One of the things that has always impressed me about Vietnamese food is the healthiness of many of the ingredients — chock full of vegetables, relatively lean meats and assorted broths along with a plethora of noodles and assorted rice-based dishes.
For the most part, meats are considered more of a garnish than the primary ingredient. Spiciness is not a major component of the cuisine unless a restaurant specializes in dishes from the ancient royal capital city of Hué in central Vietnam.
Nonetheless Sriracha and a jalapeño-laced red sauce are available tableside to amp up the heat level.
We began with seafood pho, a chicken broth-based amalgam of assorted seafood including squid, shrimp, imitation crab meat, spongy fish balls and sliced chicken all topped with roasted red onions, garlic, chopped green onions and cilantro.
Why not use real shredded crab, instead of the mock version? The broth was rather bland, but the soup is accompanied by a plate of garnishes including mint leaves, sliced jalapeño and lime wedges, which when added, help to liven up the dish.
More intriguing were the charbroiled shrimp cake spring rolls, full of a variety of vegetables and wrapped in translucent rice paper. Dip the roll in the accompanying dish of hoisin sauce before devouring.
Another appetizer worth considering are the tamarind wings. Plump, deep-fried mini drum sticks were coated in a sweetly pungent tamarind sauce topped with sliced green onions. Messy, and you’ll need a lot of willpower not to lick the sauce off your fingers!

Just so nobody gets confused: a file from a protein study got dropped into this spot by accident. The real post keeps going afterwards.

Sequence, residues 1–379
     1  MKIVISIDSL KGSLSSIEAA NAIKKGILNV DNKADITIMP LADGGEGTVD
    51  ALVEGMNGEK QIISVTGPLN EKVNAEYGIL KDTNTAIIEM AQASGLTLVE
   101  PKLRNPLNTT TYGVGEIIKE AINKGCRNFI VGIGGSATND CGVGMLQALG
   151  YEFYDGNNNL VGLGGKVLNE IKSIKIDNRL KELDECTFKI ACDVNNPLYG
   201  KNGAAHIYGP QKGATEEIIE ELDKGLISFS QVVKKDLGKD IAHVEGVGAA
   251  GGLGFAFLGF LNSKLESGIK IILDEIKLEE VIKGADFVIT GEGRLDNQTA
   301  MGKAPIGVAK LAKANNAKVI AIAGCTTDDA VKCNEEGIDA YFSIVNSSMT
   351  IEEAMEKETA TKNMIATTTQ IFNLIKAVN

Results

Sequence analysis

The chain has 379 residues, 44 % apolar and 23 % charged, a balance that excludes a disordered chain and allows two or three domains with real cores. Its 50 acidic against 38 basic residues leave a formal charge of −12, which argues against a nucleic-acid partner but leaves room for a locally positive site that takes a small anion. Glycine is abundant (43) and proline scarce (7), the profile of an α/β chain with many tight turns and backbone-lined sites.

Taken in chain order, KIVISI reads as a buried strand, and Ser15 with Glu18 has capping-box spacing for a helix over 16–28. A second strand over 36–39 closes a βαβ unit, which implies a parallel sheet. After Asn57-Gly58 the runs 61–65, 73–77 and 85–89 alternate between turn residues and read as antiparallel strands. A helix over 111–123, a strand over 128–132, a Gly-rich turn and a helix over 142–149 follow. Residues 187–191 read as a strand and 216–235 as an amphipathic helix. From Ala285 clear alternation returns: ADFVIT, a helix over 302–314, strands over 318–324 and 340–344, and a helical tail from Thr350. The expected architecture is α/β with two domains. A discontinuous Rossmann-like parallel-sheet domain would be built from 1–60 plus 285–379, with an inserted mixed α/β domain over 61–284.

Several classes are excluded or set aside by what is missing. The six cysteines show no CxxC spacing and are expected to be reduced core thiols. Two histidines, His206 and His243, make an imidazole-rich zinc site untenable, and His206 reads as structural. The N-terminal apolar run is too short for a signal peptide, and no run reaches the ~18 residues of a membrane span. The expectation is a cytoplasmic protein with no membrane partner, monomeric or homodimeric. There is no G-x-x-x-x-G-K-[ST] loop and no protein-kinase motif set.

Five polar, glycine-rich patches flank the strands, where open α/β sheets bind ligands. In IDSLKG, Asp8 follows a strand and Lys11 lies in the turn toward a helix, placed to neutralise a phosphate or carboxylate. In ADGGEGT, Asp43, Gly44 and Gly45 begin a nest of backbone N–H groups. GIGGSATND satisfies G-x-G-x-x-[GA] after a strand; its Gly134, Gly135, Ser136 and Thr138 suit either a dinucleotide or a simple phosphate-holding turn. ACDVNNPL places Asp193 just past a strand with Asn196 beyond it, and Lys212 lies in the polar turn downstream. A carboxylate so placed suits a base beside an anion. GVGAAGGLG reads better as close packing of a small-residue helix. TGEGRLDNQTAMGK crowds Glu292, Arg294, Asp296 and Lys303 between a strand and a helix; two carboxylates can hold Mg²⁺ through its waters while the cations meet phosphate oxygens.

The next two dishes have their origins in Hué. The first was a rich beef stew accompanied by a French roll.
Tender cubes of steak and cooked red carrots were afloat in a rather thin dark brown broth that was surprisingly lacking in flavor.
A few squirts of Sriracha into the bowl enhanced the flavor profile while nicely cutting through the richness of the meat.
The other dish was shaken beef. Its name derives from the way the pan is shaken during the cooking process to coat the pieces of exceedingly tender filet mignon with the marinade/sauce, composed of soy sauce, fish sauce, oyster sauce and coconut sugar.
This sterling dish is accompanied by lettuce, tomato and cucumber slices and vinegar marinated onions. It was the best dish we sampled.
Finally, we tried the charbroiled pork with vermicelli noodles served cold along with shredded carrots and zucchini, bean sprouts and crushed peanuts along with a hoisin based dipping sauce.
This dish offered multiple textural contrasts and flavors along with excellent visuals — an excellent rendition.
The restaurant also offers assorted bahn mi (Vietnamese sandwiches) and a large array of beef pho (noodle soups). Their jasmine rice preparations are also quite unique, as the rice is stir fried with tomato paste, roasted garlic and golden butter.
Noodle 21 Asian Grill
- Where: 10040 Alabama St., Redlands
- Hours: 11 a.m. to 9 p.m. daily
- Price range: Appetizers $8.95. Soups $10.95 to $11.95. Rice & Noodle dishes $12.95 to $13.95. Most major credit cars accepted.
- Features: Outdoor seating, kid friendly, take-out available.
- For more information: Call (909) 798-1888.